Joe Flacco was confounding against the Colts.  He would go from looking inept in executing their gameplan, to looking like an elite QB in the same drive.  Flacco may be the first QB that I can remember that throws a better deep ball than intermediate one.  Flacco completed seven pass plays for over 20 yards (legitimately long passes too, only one of those was a short completion that the receiver turned into yards after catch). Ray Rice lost two fumbles on promising drives that otherwise would’ve probably resulted in points and made the final score (24-9) even more lopsided.


Denver Broncos
My favorite QB of all time is Peyton Manning.  I can’t think of anything cooler than a Quarterback getting a play, calmly walking to the line of scrimmage and saying, “nah, G”.  Manning has been a welcomed surprise all year; he went from people questioning if he should return at all (following several neck surgeries) to being in the thick of the MVP race. He left the only franchise he had ever known (that Colts one...the one that just lost last week) to a team that was getting over “Tebow Mania”.  In that short time period, he has implemented his system of checks and Demaryius Thomas has emerged as a Pro Bowl-caliber talent. 
Additionally, Knowshon Moreno seamlessly took over for an injured Willis McGahee, rushing for 510 yards over the final 6 games of the season.

Defensively, this team bears a hell of a striking resemblance to that Colts squad that Peyton led to the title in 2006.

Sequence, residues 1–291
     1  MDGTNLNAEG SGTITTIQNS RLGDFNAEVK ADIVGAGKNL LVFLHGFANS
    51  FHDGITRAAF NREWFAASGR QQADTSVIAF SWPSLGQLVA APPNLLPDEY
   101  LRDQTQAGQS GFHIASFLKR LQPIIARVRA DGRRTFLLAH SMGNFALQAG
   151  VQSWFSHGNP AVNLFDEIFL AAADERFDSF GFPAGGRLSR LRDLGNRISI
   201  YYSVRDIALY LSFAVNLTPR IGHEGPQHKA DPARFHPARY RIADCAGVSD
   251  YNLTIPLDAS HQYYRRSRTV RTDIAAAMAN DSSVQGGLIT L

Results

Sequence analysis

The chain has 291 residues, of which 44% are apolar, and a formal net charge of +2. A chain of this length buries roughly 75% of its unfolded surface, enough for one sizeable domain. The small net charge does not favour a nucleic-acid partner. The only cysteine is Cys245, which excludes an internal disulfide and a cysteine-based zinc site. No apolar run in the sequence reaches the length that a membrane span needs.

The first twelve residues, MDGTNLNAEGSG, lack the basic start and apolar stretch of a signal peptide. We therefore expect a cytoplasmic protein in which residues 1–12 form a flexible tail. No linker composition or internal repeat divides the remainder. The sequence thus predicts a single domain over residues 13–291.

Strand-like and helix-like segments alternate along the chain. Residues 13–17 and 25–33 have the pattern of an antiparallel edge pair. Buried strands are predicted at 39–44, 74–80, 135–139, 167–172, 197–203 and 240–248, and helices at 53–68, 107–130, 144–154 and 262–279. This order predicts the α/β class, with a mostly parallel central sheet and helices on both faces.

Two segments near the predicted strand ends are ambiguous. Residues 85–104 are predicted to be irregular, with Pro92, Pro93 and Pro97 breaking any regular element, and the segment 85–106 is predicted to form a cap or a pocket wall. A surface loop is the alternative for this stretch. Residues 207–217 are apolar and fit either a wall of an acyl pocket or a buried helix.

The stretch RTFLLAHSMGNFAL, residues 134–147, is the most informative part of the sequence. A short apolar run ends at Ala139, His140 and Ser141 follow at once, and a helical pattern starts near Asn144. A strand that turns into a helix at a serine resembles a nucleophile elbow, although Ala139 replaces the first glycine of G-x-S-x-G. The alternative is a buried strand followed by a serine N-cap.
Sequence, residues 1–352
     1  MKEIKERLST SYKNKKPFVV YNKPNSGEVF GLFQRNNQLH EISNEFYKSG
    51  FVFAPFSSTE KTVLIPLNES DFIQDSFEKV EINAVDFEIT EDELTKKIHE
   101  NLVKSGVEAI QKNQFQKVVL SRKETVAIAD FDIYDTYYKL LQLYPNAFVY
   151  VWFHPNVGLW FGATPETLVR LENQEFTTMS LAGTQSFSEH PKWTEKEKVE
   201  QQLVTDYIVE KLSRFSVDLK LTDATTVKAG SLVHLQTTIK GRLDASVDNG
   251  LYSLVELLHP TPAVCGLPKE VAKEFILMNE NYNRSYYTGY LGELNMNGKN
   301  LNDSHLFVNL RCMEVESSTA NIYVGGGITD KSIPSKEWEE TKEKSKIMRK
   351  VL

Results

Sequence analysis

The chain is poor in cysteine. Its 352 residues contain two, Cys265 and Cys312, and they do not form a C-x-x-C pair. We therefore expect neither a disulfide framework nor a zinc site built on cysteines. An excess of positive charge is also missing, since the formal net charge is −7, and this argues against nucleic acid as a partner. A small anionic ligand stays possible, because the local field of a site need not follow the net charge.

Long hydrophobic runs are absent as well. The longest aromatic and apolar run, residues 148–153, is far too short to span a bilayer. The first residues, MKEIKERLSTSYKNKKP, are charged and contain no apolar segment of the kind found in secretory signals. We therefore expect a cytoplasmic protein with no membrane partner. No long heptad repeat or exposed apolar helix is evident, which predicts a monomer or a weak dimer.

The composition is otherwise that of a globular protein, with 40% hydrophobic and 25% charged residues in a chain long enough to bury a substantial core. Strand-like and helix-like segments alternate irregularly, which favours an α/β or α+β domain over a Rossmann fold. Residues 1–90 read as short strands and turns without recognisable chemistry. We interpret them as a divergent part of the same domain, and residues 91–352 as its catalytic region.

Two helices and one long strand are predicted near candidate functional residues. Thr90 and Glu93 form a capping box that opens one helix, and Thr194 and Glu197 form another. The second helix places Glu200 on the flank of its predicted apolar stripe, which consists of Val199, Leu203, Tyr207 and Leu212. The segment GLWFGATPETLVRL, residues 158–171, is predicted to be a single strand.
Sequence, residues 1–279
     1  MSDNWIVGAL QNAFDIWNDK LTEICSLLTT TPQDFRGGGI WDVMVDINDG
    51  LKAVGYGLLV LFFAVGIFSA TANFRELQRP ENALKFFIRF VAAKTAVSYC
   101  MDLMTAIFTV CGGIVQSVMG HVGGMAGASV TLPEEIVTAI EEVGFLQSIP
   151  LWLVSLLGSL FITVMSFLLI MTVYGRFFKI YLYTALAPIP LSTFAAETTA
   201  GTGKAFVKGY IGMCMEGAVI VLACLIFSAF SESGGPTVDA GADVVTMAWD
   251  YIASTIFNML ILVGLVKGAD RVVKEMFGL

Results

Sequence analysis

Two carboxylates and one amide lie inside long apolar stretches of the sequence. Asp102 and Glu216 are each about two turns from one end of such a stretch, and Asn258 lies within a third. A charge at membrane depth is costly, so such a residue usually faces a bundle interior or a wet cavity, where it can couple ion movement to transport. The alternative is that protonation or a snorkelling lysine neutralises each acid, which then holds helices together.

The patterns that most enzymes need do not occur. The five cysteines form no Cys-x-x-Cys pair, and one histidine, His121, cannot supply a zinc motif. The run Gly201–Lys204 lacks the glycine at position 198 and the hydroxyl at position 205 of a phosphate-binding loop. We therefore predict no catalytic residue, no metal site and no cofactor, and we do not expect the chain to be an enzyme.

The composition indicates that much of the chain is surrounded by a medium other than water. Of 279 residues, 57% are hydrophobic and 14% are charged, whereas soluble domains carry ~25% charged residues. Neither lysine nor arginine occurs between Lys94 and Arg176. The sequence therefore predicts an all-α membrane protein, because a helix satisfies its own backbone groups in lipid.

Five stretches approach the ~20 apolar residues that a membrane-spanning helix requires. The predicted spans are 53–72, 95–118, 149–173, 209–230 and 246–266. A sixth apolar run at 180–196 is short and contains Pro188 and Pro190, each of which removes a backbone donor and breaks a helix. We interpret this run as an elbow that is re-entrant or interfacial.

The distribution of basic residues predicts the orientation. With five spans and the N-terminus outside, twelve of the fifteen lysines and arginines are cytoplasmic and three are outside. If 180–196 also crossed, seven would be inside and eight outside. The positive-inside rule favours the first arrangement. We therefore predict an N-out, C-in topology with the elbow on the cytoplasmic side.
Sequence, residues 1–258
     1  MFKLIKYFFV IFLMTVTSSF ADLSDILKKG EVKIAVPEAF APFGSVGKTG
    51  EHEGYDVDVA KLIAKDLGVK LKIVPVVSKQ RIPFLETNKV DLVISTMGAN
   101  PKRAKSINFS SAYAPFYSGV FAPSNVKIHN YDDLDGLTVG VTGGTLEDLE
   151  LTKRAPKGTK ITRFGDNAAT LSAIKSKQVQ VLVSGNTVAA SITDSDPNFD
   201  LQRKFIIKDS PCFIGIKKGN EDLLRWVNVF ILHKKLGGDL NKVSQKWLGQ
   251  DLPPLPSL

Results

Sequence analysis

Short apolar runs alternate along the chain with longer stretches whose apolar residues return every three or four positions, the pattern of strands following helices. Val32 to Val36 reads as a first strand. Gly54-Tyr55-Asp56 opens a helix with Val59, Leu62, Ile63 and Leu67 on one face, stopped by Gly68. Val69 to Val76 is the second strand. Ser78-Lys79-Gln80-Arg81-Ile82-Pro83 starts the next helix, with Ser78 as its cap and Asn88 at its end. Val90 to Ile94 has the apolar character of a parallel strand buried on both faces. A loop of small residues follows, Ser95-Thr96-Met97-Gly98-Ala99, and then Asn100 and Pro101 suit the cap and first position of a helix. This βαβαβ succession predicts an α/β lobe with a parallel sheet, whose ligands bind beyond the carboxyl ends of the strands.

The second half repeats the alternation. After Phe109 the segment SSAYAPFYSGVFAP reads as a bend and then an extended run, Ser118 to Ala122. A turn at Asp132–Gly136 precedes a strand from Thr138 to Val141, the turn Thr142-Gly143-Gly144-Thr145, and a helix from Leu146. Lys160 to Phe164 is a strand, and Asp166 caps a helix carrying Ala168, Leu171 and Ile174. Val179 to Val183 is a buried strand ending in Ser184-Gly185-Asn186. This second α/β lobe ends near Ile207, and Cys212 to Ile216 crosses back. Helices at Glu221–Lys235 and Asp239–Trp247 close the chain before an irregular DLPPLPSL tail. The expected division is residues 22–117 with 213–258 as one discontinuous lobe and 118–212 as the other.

[Sidenote: Have you ever gone to look at Peyton’s numbers from that run? Despite being 2nd in the league in points scored that year and averaging a Quarterback Rating of 101 for the regular season, Manning was mediocre at best during their title campaign.  He had a 69.1 Quarterback rating over that span. For context, Trent Dilfer had a 83.7 rating in the playoffs when the Ravens won their title]

They are built to play with the lead.  They have two fantastic QB rushers in Elvis Dumervil and Von Miller who combined for 29.5 sacks this regular season.  They gave up the 4th least amount of points this year, and didn’t allow 300 yards passing in a single game all year.  Really the only question surrounding this unit is if they can continue their dominance vs good teams. The Broncos were only 2-3 vs playoff teams this year; and in those games they gave up 25.8 points per game, nearly a touchdown more than their season average.

Matchup: Soak in Ray Lewis’ last game folks.  Those drives that Luck couldn’t complete and resulted in FGs will be the ones that Manning hammers home.  While I’m concerned about the Broncos secondary and the long bombs they may give up with those fast and physical receivers of the Ravens, I think Flacco will succumb to the pressure late. Over/Under 46. 28-17 Broncos.